Floyd’s blood had a fraction of the fentanyl and methamphetamine levels found on average in the blood of drivers under the influence who did not die, a forensic toxicologist testified Thursday, as the defense seeks to convince jurors that drugs contributed to Floyd’s death. Chauvin’s defense attorney emphasized the limits of that data.
“What we’re really doing is we’re trying to isolate and create some form of a comparison of Mr. Floyd’s fentanyl levels and his norfentayl levels and some sample of population,” said the defense lawyer, Nelson.
“One sample of population we know is alive, right, because they’re driving a car. And the other sample, we have no frame of reference. Did they die from fentanyl overdose or did they die from some other reason? We have no context.”
Daniel Isenschmid, who did lab work for Floyd’s case at the request of the Hennepin County medical examiner, said he tested hospital blood as well as urine. He works at NMS Labs in Pennsylvania.
“In terms of the ratio, was Mr. Floyd’s ratio more similar to the driving population where people were alive or more similar to the postmortem population where people were dead?” a prosecutor asked Isenschmid.
”It was more similar to the DUI population," Isenschmid said.
As the body eliminates fentanyl, it breaks the drug down into a chemical compound called norfentanyl, Isenschmid said. Floyd’s blood sample showed that “some of the fentanyl was metabolized,” he said.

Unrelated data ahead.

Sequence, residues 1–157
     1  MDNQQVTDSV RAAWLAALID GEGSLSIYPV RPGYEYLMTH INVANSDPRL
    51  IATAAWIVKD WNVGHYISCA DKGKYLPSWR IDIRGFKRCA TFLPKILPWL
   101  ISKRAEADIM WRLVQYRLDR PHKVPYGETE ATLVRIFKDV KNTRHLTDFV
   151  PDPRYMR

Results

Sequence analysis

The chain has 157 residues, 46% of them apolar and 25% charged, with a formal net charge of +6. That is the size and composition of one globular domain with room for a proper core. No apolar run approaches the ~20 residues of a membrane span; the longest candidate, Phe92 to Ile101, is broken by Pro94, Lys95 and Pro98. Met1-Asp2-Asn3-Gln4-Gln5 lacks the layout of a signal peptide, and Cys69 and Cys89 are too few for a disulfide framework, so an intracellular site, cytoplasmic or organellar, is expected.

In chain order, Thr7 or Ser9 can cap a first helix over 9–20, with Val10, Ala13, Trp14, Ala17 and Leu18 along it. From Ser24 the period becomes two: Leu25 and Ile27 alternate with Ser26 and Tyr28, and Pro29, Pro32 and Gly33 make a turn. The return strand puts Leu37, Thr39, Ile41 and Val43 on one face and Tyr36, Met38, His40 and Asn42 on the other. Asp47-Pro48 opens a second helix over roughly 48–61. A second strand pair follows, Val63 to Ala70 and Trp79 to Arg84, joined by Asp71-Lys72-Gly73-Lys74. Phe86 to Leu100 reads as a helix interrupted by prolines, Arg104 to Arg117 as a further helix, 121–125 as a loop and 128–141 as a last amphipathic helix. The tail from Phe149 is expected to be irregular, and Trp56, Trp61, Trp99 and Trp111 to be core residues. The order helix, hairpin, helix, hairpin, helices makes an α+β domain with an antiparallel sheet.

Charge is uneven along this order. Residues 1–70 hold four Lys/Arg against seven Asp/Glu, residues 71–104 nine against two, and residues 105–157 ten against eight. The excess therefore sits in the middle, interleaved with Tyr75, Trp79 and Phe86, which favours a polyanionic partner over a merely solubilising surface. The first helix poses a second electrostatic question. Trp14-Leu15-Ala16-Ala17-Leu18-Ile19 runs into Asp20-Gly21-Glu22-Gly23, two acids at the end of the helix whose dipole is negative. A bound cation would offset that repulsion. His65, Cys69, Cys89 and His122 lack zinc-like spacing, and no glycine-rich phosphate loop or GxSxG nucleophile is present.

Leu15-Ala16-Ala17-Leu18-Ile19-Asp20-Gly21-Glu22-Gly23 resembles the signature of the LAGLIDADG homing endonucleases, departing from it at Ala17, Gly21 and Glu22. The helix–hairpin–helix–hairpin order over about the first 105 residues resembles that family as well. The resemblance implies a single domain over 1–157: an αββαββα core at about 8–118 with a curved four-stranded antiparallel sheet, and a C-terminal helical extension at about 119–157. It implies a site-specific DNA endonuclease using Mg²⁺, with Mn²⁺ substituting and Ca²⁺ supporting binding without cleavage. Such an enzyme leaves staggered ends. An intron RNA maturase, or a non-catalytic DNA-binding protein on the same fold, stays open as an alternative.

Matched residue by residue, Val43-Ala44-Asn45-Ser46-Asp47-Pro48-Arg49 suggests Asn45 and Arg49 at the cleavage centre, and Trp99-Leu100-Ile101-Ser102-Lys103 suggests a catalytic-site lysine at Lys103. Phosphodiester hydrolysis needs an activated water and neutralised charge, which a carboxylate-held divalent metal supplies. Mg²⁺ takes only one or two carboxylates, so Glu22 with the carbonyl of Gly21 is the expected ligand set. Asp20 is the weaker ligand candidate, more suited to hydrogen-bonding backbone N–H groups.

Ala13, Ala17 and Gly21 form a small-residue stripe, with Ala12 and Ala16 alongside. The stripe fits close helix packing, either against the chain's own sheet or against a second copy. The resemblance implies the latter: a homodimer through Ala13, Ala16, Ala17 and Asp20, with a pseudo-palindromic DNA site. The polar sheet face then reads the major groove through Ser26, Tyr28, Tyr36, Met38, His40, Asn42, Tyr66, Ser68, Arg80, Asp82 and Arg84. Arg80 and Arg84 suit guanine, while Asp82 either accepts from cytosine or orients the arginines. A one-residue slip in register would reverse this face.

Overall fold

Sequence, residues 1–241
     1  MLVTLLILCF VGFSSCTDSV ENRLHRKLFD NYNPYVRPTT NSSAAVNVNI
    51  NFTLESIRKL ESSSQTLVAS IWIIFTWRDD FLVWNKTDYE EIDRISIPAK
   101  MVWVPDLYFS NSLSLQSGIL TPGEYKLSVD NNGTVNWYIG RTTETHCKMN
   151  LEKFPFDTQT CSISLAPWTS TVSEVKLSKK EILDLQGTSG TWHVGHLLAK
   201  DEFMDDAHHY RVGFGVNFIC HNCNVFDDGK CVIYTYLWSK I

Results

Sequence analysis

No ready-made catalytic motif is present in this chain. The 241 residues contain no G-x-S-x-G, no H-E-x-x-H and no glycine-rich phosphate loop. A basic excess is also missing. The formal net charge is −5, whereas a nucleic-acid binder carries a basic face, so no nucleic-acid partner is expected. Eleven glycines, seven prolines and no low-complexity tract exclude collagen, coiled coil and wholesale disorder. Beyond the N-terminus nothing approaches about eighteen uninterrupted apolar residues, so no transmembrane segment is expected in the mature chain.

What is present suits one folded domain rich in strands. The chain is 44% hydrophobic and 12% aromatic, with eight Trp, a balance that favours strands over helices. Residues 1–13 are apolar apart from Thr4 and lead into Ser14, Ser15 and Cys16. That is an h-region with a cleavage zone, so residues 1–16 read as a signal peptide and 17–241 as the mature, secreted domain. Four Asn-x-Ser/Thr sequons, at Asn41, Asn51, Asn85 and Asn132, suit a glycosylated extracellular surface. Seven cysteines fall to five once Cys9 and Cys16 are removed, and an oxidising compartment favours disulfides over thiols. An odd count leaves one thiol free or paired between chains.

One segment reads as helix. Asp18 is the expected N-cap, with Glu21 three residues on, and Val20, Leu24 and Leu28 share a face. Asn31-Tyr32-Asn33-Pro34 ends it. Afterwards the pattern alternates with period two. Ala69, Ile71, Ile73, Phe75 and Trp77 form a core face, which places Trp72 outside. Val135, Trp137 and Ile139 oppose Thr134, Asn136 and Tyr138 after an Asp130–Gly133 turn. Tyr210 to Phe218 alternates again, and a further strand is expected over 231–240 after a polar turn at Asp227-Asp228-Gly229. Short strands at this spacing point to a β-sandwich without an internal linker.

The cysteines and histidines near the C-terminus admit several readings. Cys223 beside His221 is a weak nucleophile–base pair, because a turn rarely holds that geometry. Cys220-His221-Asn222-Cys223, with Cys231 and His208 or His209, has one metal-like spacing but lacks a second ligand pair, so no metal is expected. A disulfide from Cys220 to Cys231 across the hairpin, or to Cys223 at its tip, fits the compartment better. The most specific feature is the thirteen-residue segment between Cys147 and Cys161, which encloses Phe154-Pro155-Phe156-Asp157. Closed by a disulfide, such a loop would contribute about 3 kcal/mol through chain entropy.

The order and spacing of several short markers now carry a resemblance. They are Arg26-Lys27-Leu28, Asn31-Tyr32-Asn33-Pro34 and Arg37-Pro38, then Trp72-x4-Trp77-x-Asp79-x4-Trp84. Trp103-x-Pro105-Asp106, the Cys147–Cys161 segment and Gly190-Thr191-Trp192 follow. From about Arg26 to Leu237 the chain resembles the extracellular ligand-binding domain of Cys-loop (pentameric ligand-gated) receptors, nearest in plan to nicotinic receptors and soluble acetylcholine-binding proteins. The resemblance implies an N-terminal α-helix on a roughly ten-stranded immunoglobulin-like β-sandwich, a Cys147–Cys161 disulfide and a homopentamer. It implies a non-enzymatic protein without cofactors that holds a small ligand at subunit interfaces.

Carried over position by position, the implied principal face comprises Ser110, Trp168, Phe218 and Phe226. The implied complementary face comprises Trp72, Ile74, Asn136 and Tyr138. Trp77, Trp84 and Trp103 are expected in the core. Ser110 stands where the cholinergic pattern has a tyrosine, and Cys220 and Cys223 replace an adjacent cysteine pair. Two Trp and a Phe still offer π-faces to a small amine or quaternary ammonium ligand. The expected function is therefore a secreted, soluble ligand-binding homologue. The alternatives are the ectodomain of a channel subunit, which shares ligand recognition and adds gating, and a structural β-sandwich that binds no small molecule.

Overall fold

“When we see very recent deaths with fentanyl, we frequently see fentanyl with no norfentanyl whatsoever,” he said.
Isenschmid said Floyd could have taken fentanyl earlier, allowing it time to break down, then taken the drug again closer to his death.
People can develop a tolerance to opioids, Isenschmid said, meaning it takes more of the drug to produce an effect. Floyd’s girlfriend testified earlier in the trial that they both struggled with opioid addiction.
Nelson pressed Isenschmid on that issue: “Regardless of whether you have a tolerance or a non-tolerance, any single incident could cause an adverse reaction,” he said.
“Well, sure, if you suddenly had a pill that was 10 times the amount of fentanyl than another one,” Isenschmid said.
The level of methamphetamine found in Floyd’s blood (19 nanograms per milliliter) was “low,” Isenschmid said, “approximately the amount that you find in the blood of somebody that was given a single dose of methamphetamine as a prescribed drug."